Strategically, it doesn't get more intense than Blizzard's StarCraft II: Wings of Liberty, especially in the game's multiplayer component. Players dance back and forth between attacking, expanding, harassing economy and supply lines, all while carefully advancing up expensive tech trees in a constantly evolving meta-game.
In the campaign, players face multiple objectives per mission and choices to make at almost every stage of the game, which determines the units, upgrades, and bonuses a player will gain throughout the course of the campaign. Each mission has its own unique mechanic, which creates a varied experience from start to finish that requires a different approach to each level.
Runner-up: Sid Meier's Civilization V
Civlization V brought a much-wanted revamp to Civ's combat, making it more complex than simply stacking up powerful units. With unit stacking removed and ranged truly able to attack from ranged, it's far more interesting when diplomacy fails. Plus, Giant Death Robots. Autonomous city states are a welcome addition to the diplomatic side, courting the attention of all players while offering useful rewards.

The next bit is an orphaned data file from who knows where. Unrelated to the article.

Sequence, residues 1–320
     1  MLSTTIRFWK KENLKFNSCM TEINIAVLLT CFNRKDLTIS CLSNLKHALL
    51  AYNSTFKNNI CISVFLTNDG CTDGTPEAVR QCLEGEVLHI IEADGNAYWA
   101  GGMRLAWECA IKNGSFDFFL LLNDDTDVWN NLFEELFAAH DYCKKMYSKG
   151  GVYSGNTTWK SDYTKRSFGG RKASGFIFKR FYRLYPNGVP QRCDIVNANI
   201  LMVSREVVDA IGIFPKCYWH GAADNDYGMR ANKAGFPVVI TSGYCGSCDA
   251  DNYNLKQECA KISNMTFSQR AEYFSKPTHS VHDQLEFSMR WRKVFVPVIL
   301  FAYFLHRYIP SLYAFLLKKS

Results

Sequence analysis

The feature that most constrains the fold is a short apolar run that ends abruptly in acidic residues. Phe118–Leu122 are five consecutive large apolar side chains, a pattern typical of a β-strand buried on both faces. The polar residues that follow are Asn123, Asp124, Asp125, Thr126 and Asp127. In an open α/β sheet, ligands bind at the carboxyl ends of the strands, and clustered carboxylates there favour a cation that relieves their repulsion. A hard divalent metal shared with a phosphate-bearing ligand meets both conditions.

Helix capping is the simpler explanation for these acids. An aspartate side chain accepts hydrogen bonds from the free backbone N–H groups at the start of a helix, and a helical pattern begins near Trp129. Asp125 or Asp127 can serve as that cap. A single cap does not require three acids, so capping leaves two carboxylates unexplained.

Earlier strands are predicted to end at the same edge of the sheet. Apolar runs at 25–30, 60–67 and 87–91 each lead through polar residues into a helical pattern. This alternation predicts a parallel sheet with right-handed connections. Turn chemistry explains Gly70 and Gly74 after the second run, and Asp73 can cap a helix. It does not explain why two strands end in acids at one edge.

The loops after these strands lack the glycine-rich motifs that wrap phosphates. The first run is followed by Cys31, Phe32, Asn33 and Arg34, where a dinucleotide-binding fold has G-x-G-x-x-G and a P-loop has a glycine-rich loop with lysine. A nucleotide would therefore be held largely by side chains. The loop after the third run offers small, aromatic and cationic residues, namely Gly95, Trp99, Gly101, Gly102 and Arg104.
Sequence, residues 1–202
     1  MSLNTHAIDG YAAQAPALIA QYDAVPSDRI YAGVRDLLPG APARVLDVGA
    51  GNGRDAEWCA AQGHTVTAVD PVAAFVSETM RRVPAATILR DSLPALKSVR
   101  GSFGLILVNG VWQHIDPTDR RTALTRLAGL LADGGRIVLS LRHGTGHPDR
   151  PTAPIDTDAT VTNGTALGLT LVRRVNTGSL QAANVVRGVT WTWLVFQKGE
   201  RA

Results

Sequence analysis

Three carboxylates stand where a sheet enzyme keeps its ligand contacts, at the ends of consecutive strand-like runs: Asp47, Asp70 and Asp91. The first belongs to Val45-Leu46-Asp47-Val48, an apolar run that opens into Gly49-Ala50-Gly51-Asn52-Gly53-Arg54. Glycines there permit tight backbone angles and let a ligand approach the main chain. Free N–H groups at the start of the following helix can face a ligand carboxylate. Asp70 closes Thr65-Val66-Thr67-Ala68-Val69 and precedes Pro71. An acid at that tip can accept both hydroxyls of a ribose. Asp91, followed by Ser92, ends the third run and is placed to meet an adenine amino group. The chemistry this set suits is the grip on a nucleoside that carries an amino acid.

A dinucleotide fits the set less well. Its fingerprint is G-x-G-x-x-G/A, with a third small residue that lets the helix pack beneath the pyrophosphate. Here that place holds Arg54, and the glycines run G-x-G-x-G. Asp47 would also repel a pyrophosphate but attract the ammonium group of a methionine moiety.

I had more fun playing Dawn of War II than I did Starcraft II singleplayer but DoWII was closer to Diablo than Starcraft in the SP so it made the story feel a lot more epic.